Why is there something rather than nothing? The fact of existence cannot be explained by an appeal to any beings, since this would assume what it wants to prove. Nishida Kitarō, the Japanese philosopher and founder of the Kyoto School, therefore proclaimed that only nothingness can be the ultimate source of existence. 

What is this nothing, however? For Nishida, it is the place (Basho) of absolute nothingness—a nothingness that is beyond all beings. Articulated this way, absolute nothingness can be nothing other than a self-contradictory identity: it is the being beyond all beings. But how can something come from nothing? In The Logic of the Place of Nothingness and the Religious Worldview, Nishida argues that only a paradoxical logic can account for the existence of the world.

Hegel asserted a profound influence on Nishida’s philosophy. Nishida wrote that Hegel’s thinking was closer to his own than that of any other philosopher, and at various points in his career appropriates Hegelian terms and formulae such as ‘concrete universal,’ ‘dialectic’ and ‘negation of negation.’ In his Basho Nishida proclaims that awareness of the truth of contradiction permeating all things demands an appeal to Hegel’s theory of conceptual knowledge. Nishida found a kindred spirit in Hegel, who in his Science of Logic proclaimed every concept to be contradictory.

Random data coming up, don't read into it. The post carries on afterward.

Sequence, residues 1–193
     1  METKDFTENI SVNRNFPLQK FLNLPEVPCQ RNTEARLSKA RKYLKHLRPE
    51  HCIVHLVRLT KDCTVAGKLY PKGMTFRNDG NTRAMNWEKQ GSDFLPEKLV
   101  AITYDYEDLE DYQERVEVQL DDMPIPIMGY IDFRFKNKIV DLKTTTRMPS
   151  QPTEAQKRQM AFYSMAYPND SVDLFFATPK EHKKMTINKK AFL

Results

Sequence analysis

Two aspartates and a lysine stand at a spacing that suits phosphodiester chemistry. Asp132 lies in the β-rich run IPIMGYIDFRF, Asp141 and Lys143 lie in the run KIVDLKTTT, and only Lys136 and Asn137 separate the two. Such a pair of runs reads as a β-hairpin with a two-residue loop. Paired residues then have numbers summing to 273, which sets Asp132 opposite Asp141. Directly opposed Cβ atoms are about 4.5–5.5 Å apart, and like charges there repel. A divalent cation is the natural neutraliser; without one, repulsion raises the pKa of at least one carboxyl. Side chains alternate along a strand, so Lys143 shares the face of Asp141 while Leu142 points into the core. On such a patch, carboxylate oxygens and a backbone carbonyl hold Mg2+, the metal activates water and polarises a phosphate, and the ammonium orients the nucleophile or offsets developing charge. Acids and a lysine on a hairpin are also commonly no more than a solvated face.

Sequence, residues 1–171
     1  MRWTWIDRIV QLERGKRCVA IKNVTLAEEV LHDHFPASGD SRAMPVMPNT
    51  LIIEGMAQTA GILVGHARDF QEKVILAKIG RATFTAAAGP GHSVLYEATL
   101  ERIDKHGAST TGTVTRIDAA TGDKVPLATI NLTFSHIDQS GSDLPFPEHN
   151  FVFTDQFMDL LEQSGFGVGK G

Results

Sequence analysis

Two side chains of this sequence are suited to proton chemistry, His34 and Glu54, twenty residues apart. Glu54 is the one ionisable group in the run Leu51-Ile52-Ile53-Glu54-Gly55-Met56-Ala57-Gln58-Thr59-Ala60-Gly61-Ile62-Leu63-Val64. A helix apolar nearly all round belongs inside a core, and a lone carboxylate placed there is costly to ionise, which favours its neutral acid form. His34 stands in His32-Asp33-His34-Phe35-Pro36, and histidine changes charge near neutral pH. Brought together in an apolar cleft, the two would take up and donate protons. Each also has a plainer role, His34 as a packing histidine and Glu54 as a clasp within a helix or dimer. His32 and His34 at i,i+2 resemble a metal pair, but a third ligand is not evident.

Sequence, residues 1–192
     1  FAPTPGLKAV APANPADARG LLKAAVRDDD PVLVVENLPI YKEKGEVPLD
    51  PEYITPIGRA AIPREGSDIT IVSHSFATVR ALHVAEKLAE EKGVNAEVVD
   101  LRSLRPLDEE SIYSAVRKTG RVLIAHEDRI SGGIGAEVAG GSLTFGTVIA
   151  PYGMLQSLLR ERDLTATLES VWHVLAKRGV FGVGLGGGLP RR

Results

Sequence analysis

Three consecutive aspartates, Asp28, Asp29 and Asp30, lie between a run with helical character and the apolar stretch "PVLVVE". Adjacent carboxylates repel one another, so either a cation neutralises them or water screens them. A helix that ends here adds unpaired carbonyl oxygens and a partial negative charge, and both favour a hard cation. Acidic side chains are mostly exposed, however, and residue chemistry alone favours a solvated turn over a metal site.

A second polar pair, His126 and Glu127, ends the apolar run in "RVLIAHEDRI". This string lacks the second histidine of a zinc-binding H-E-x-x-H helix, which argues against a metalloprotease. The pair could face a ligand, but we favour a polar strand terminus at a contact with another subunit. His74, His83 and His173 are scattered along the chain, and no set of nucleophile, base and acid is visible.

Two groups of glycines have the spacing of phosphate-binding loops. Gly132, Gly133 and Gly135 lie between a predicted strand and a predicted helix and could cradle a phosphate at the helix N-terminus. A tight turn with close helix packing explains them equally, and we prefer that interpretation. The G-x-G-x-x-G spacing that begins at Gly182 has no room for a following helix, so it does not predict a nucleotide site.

Tosaka Jun would even claim that Nishida deepened the tradition of German Idealism by expressing it in its purest form. To the iconic three figures of the tradition, Fichte, Schelling, and Hegel, we ought to add a fourth: Nishida. Following Tosaka, we can ask: does Hegelian philosophy find its fulfillment in Kyoto? 

Tosaka, in his polemics against Nishida, certainly over-simplified Nishida’s philosophy. Nishida’s philosophy is not a repetition of Hegel, but integrates Hegelian concepts in order to transcend them. Nishida shares Hegel’s profound insight that the existence of beings can only be explained if one begins without any foundations. For Nishida, however, this demand can only be fulfilled if one begins from nothing—not being. As is typical of the Kyoto School, Nishida creatively integrates elements of many philosophical and religious traditions beyond Hegel, from Neo-Kantianism to Daoism and Zen.